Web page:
I promised a virtual tour of the Salt Lake City Library and though it has taken several days to get any chance to blog, I haven't forgotten my promise.
I love libraries. By the time I was in seventh grade, I was so proud of the fact that the local library was one of the places my mother would allow me to go by myself. The summer between seventh and eighth grades, I checked out and read over thirty books (I kept a list). My parents never censored my reading, and I moved into adult books at an early age, first with their library, then the public one. Those trips to the library, set in a typical California garden mall, also gave me a window into shops my mother never cared about, including the crafts section of my local Woolworths.
Later, as a young and poor mother moving to the mountains, I found that Interlibrary Loan was able to get me almost any book I wanted to read, along with lots of videos. I just had to be patient; eventually my requests would come around to me. I checked out and watched Elizabeth Zimmerman's first video during that time period.
Currently, my strongest association with a library is the branch in Nevada City where our fiber guild rents the meeting room twice a month, once for our monthly meeting on the fourth Tuesday night of the month and another time for our Spinning Saturday get-together on the second Saturday afternoon. My library sure seemed small and provincial last week after returning home from SLC.
I already knew that SLC had an award-winning, almost-new library in the center of its downtown area from my trip back for Estes Park last year; I didn't have time to see it, but Margene had promised to take Carole by after they dropped me at the airport for my flight home. Therefore, it was on my list and I was NOT disappointed.
This photo, borrowed from the library's official website gives you a sense of just how large and how unusual the design is... these people thought of everything, from underground parking, through open book stacks and lots of computer use areas (and lots of computers provided by the library), to fireplaces indoors and out. There is even a ground floor courtyard with shops and tables to sit and eat, drink coffee, read, people-watch and knit (I did all of the above), and to shop at the library's gift store (checked that off my list too).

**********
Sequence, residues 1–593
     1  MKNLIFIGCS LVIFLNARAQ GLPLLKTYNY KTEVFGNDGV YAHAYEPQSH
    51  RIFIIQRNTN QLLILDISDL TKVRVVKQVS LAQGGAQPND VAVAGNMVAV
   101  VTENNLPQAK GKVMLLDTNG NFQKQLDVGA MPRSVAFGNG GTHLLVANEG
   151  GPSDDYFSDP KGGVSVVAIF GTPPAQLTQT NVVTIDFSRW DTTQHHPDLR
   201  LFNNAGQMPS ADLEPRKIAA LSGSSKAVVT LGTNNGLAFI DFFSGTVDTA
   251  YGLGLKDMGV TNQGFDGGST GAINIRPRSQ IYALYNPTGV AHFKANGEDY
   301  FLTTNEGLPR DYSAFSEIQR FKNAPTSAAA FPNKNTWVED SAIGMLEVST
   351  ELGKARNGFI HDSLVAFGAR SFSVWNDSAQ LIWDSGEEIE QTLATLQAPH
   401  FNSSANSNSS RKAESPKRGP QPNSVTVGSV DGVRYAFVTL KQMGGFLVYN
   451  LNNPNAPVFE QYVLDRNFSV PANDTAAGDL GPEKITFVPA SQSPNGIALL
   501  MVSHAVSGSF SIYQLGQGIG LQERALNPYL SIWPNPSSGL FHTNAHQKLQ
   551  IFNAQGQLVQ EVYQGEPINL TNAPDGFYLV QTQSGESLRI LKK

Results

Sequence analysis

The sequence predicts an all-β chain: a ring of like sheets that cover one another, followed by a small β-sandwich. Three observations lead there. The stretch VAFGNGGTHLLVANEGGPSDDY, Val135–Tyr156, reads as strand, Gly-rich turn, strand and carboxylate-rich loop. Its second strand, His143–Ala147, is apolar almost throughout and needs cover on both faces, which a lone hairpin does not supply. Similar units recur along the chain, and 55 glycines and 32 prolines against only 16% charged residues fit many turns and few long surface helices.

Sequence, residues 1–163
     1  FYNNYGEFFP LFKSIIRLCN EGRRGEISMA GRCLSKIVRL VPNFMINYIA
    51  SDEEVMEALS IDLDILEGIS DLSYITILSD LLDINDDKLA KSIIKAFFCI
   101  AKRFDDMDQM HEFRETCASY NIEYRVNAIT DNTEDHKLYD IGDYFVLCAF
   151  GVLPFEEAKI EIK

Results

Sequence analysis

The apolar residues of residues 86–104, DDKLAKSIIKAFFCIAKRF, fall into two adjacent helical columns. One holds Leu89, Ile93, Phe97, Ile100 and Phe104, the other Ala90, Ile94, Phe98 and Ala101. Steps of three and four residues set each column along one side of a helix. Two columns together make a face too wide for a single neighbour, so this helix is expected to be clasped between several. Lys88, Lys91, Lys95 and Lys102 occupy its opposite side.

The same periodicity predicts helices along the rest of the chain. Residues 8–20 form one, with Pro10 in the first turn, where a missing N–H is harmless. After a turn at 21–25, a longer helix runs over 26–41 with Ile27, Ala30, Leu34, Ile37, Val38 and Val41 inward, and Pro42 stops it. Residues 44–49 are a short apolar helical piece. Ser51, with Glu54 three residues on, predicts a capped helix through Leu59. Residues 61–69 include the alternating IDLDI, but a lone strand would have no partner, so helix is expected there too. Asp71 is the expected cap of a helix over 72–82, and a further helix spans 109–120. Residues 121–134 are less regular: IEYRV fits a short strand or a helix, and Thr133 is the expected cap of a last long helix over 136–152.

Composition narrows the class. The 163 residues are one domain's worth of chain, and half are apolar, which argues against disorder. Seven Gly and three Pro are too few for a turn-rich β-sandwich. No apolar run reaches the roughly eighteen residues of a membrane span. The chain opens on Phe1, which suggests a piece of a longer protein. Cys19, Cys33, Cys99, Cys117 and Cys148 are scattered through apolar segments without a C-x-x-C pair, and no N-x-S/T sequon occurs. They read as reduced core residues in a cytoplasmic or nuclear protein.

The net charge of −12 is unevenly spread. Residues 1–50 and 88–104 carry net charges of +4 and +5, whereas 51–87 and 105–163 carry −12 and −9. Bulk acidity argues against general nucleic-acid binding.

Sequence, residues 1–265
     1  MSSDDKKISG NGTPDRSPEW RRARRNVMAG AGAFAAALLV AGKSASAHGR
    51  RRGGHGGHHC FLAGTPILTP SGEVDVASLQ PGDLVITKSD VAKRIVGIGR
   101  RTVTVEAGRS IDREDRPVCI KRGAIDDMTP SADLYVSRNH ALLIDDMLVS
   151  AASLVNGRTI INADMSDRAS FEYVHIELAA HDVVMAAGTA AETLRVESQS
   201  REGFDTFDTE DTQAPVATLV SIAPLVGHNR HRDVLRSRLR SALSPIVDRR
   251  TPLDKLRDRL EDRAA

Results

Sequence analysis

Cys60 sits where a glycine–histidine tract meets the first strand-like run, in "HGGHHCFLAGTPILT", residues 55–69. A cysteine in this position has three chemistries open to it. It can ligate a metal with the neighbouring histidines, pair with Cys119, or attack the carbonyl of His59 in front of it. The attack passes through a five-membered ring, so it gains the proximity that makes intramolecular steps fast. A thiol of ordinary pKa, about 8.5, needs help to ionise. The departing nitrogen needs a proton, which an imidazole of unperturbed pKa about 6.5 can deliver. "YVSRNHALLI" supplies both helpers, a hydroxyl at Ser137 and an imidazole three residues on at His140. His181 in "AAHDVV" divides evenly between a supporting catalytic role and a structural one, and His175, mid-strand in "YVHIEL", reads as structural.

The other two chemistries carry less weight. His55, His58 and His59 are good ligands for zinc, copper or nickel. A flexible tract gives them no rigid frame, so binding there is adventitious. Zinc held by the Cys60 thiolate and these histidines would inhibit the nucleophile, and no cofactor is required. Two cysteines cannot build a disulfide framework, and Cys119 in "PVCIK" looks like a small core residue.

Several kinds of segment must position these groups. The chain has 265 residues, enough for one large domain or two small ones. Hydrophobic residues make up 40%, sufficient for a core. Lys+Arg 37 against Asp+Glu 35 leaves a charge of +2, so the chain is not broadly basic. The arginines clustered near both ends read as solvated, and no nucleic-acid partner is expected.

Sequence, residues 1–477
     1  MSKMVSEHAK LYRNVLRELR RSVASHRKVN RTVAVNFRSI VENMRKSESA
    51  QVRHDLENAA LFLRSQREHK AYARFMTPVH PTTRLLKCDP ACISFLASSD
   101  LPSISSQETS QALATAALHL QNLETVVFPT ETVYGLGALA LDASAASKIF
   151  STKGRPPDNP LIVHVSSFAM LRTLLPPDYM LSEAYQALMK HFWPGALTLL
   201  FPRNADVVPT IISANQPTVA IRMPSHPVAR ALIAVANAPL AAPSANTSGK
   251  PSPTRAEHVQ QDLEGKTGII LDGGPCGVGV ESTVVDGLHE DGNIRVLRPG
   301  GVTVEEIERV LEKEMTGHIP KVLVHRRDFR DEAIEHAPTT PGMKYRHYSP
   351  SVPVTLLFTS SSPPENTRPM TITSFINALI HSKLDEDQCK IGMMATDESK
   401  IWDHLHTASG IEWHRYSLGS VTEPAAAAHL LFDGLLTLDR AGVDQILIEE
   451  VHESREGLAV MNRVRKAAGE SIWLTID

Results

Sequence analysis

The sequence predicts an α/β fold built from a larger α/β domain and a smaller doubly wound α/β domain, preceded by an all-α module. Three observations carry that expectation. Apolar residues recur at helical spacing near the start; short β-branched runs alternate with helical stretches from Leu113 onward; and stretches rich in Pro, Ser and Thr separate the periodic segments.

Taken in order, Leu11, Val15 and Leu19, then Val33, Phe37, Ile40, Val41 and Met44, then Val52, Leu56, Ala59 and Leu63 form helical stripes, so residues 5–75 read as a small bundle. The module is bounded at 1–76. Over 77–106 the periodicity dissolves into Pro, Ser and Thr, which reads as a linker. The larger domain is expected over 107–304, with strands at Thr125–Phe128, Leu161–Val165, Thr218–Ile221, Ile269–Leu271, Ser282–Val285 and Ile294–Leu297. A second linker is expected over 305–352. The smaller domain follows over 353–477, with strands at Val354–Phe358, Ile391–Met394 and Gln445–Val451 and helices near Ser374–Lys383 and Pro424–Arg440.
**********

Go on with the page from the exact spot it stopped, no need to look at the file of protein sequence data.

As I was going through the photos I took, I realized that I did not get any of the inside... I hesitate to take photos of people without their permission. I can tell you though that the place was full of people and provided ample settings to browse, read or do serious research. The collection is vast, and I only tried to scratch the surface of the textiles section and browse through the latest fiction... I would have to camp out inside the building for at least a month to get a sense of what other treasures are housed there.
I was happy to see families getting books together, young teen girls giggling over purchases of a few dollars while carrying armloads of novels, homeless people warming at the fires while reading a newspaper or magazine, and all kinds of folks in between.
The roof top garden
The awe-inspiring view of the Wasatch Mountains on a blustery spring day... you just can't get that anywhere else
Children rolling down a hill in the park on the same city block (I know, they are pretty hard to see, but their laughter heard from the roof was delightful to me)
The amazing walkway from the roof back down to the main floor
The formal sunken sculpture garden
Salt Lake City can be extremely proud of the fact that the attraction they chose to make world-class is a public library, open to all, free of charge.